Money to your ears - A great FREE investing resource for you

The best way to get your regular dose of market and money insights is our suite of free podcasts ... what we like to think of as “binge-worthy finance.”

Feb 1, 2016 at 5:03PM

Whether we're in the midst of earnings season or riding out the market's lulls, you want to know the best strategies for your money.

And you'll want to go beyond the hype of screaming TV personalities, fear-mongering ads, and "analysis" from people who might have your email address ... but no track record of success.

In short, you want a voice of reason you can count on.

A 2015 Business Insider article titled, "11 websites to bookmark if you want to get rich," rated The Motley Fool as the #1 place online to get smarter about investing.

And one of the easiest, most enjoyable, most valuable ways to get your regular dose of market and money insights is our suite of free podcasts ... what we like to think of as "binge-worthy finance."

Whether you make it part of your daily commute or you save up and listen to a handful of episodes for your 50-mile bike rides or long soaks in a bubble bath (or both!), the podcasts make sense of your money.

And unlike so many who want to make the subjects of personal finance and investing complicated and scary, our podcasts are clear, insightful, and (yes, it's true) fun.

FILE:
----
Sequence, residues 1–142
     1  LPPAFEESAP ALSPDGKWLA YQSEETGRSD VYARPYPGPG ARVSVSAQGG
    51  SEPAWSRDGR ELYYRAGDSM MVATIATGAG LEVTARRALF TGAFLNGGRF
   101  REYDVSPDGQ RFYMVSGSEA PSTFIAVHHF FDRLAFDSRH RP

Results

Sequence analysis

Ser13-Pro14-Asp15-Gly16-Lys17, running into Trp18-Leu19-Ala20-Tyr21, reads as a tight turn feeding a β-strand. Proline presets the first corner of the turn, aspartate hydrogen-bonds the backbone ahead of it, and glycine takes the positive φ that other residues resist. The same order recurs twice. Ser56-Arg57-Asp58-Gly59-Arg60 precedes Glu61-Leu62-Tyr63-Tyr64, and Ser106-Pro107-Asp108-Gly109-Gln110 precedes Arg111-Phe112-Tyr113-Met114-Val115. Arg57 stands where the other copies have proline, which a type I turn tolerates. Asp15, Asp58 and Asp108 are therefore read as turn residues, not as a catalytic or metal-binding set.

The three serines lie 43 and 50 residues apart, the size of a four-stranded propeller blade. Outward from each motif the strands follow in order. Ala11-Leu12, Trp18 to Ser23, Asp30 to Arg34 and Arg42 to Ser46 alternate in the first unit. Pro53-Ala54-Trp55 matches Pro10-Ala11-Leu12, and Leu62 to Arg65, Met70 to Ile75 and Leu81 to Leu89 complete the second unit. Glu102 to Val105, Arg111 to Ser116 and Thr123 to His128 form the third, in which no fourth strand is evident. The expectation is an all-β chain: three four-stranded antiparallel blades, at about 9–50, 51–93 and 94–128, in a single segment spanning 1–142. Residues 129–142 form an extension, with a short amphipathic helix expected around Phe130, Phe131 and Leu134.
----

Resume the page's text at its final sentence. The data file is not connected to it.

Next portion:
Our free suite of podcasts

Motley Fool Money features a team of our analysts discussing the week's top business and investing stories, interviews, and an inside look at the stocks on our radar. The show is also heard weekly on dozens of radio stations across the country.

The hosts of Motley Fool Answers challenge the conventional wisdom on life's biggest financial issues to reveal what you really need to know to make smart money moves.

David Gardner, co-founder of The Motley Fool, is among the most respected and trusted sources on investing. And he's the host of Rule Breaker Investing, in which he shares his insights into today's most innovative and disruptive companies ... and how to profit from them.

Market Foolery is our daily look at stocks in the news, as well as the top business and investing stories.

And Industry Focus offers a deeper dive into a specific industry and the stories making headlines. Healthcare, technology, energy, consumer goods, and other industries take turns in the spotlight.

They're all informative, entertaining, and eminently listenable. Rule Breaker Investing and Answers are timeless, so it's worth going back to and listening from the very start; the other three are focused more on today's events, so listen to the most recent first.

All are available for free at

If you're looking for a friendly voice ... with great advice on how to make the most of your money ... from a business with a lengthy track record of success ... in clear, compelling language ... I encourage you to give a listen to our free podcasts.

Head to, give them a spin, and you can subscribe there (at iTunes, Stitcher, or our other partners) if you want to receive them regularly.

It's money to your ears.


Compare Brokers